NBI arrests WellMed owner over ghost dialysis issue | Inquirer News

NBI arrests WellMed owner over ghost dialysis issue

MANILA, Philippines —The owner of a private dialysis center who has been accused of defrauding Philippine Health Insurance Corp. (PhilHealth) by submitting claims for dead patients was arrested on Monday.

Bryan Christopher Sy of WellMed Dialysis Center in Novaliches, Quezon City, was  arrested when he showed up at the National Bureau of Investigation  headquarters in Manila.


President Duterte had ordered Sy’s arrest and instructed PhilHealth’s acting chief, board members and regional vice presidents to hand in their courtesy resignations or be fired.

“On Saturday night, I was ordered by the President to tell them to just submit their courtesy resignation. All of them, all the board members of the PhilHealth,” said Mr. Duterte’s longtime aide, Senator-elect Christopher Go.


On Monday night, Mr. Duterte demanded the resignation of the entire PhilHealth board during a meeting in Malacañang, presidential spokesperson Salvador Panelo said.

Panelo said the President wanted “a clean slate” in PhilHealth.

Mr. Duterte gave the order to arrest the owners of the private dialysis center on Saturday over claims made by two former employees that it had been defrauding PhilHealth.

“The sheer amount of 100 something billion [pesos] is totally, totally unacceptable to me,” he said as he noted that many ailing Filipinos depended on PhilHealth.

His directive was in response to the Inquirer’s three-part investigative report last week about fictitious patients, PhilHealth losses of P154 billion between 2013 and 2018 due to overpayment and fraud, and a “mafia” behind the padded claims.

Whistleblowers, too

In an unexpected turn, whistleblowers Edwin Roberto and Liezel Santos were also  arrested on Monday.


Like Sy, Roberto and Santos would be charged with estafa and falsification of documents in the Department of Justice on Tuesday.

An NBI agent explained that the whistleblowers had to be  charged in court first so they could be tapped as state witnesses.

After the filing of charges, they would be discharged as state witnesses depending on the evaluation of the trial judge.

Roberto earlier said owners of WellMed had told employees to forge signatures of patients who had died on the medical claims the center submitted to the state health insurance firm.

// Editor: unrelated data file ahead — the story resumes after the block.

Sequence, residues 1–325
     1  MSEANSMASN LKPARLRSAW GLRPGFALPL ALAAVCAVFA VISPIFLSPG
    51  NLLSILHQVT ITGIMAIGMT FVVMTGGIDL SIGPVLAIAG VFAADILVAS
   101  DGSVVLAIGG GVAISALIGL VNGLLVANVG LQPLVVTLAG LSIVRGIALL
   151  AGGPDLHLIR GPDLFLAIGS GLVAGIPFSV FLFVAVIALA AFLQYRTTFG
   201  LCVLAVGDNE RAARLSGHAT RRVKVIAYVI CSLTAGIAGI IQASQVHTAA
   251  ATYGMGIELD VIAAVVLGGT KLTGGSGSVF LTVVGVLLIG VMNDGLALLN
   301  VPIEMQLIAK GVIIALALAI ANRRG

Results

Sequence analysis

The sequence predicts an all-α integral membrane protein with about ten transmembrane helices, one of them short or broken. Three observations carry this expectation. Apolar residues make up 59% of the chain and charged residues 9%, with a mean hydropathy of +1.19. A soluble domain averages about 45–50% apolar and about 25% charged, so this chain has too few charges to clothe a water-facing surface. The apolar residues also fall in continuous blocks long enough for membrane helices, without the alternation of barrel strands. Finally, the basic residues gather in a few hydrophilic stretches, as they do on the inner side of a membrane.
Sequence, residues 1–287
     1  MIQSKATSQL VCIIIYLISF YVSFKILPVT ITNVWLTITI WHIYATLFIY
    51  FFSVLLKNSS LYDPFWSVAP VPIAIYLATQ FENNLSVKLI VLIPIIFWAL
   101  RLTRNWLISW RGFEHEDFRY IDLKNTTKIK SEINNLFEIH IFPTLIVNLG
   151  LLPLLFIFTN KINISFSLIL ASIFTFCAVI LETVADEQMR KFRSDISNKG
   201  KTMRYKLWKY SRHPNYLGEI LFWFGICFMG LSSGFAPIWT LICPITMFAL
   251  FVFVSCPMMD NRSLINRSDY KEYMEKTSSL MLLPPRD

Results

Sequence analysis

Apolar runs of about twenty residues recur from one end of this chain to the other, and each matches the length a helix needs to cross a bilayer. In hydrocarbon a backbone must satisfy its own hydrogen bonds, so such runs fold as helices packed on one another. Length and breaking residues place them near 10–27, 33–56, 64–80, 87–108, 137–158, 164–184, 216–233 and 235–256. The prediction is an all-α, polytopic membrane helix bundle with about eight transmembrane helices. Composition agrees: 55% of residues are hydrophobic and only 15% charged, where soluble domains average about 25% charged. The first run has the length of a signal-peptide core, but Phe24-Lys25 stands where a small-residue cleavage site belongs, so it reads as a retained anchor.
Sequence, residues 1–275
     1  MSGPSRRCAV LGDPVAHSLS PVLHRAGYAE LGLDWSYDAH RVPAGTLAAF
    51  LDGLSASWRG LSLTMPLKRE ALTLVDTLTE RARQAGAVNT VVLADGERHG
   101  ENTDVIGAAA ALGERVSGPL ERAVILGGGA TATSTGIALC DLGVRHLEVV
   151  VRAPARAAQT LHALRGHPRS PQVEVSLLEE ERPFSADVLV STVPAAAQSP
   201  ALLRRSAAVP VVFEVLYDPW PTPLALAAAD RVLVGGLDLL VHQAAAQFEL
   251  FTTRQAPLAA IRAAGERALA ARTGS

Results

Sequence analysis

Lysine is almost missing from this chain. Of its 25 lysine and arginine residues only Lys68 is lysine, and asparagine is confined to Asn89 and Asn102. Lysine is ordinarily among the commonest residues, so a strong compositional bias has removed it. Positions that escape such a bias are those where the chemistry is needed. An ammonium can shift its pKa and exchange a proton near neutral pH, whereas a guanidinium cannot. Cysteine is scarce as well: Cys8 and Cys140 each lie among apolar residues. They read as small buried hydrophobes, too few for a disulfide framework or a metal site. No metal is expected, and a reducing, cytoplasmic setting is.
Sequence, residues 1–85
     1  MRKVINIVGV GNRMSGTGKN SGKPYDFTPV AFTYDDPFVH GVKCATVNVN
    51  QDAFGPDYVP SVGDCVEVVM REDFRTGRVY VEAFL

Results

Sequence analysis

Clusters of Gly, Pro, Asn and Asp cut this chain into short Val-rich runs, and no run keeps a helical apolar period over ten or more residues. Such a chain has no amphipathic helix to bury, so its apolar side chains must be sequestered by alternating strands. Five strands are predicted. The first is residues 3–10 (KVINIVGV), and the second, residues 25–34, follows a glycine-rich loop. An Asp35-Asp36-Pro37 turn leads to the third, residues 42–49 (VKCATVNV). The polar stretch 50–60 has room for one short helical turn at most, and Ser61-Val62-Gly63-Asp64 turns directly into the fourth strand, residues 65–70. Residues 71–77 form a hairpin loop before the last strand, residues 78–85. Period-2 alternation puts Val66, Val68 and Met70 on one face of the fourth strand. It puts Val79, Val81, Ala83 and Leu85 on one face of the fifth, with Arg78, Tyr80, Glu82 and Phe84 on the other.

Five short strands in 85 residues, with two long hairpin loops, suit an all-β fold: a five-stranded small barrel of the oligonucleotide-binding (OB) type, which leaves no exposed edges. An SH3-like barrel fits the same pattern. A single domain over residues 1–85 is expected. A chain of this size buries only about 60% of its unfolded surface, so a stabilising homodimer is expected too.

In an affidavit, Roberto said WellMed made successful benefit claims on dialysis package for the dead patients.

No warrant

There was no warrant against Sy, who came to the NBI after being invited for questioning on the  dialysis scam. He came to the bureau’s antigraft division about 11 a.m., together with his lawyer Ruel Ilagan.

At 4 p.m., right after PhilHealth investigators brought to the NBI a boxload of documents that allegedly proved there was a scam, Sy was arrested.

Sy, who wore jeans, a pair of black sneakers and gray polo shirt, declined to be interviewed. When asked for comment, he just said: “Sorry, I’m very tired.”

Nathaniel Ramos, head of NBI’s antigraft division, said the arrest, although without warrant, stemmed from the doctrine of continuing crime.

He added that the PhilHealth claims made by WellMed were still pending so the crime was continuing.

Monday was the first day of the NBI’s probe of the scam. PhilHealth stands as the main complainant in the case.

This meant that PhilHealth investigators, led by lawyer Eduardo Barbado Jr., only submitted documents on Monday.

“Can they be arrested without warrant?” the Inquirer asked. “Well, that’s the new doctrine now,” said another source, who laughed and shook his head.

Probable cause

Although the documents, which were stuffed in a brown box, were incomplete, a source said the bureau, upon checking them, “found probable cause” to arrest Sy.

Barbado said the documents, including fraudulent claim forms, were taken to the NBI because these had been subpoenaed by the bureau.

Justice Secretary Menardo Guevarra has ordered the NBI to also investigate hospitals and clinics that connived with PhilHealth officials and staff to defraud the public health insurance fund.

Mr. Duterte himself has ordered the NBI to investigate alleged irregularities at PhilHealth, Panelo said.

The President is looking for replacements for the PhilHealth chief and board members, preferring a retired female doctor from the police or military to head the board.

He also wants a “strict manager” to handle the state health insurer’s funds, Go said.

Although the President still trusts PhilHealth president Roy Ferrer, whom he appointed in July 2018, Go said Mr. Duterte was “dismayed” over the misuse of the PhilHealth funds to pay for dialysis of deceased patients.

“Dr. Ferrer is a physician of the President and he’s very honest. It just happened that his men below him pulled one over him. But it’s command responsibility. They let this happen since 2016,” Go said.

PhilHealth revamp

He said he would recommend to the President a top-to-bottom revamp in PhilHealth and the suspension of the implementation of the Universal Health Care (UHC) law, “especially that we have not yet found a trustworthy official to handle PhilHealth funds.”

PhilHealth is mandated to implement the UHC law, which automatically provides health insurance to all Filipinos and gives them access to a full spectrum of medical services. —WITH REPORTS FROM DONA Z. PAZZIBUGAN AND DJ YAP

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TAGS: NBI, Philhealth, WellMed
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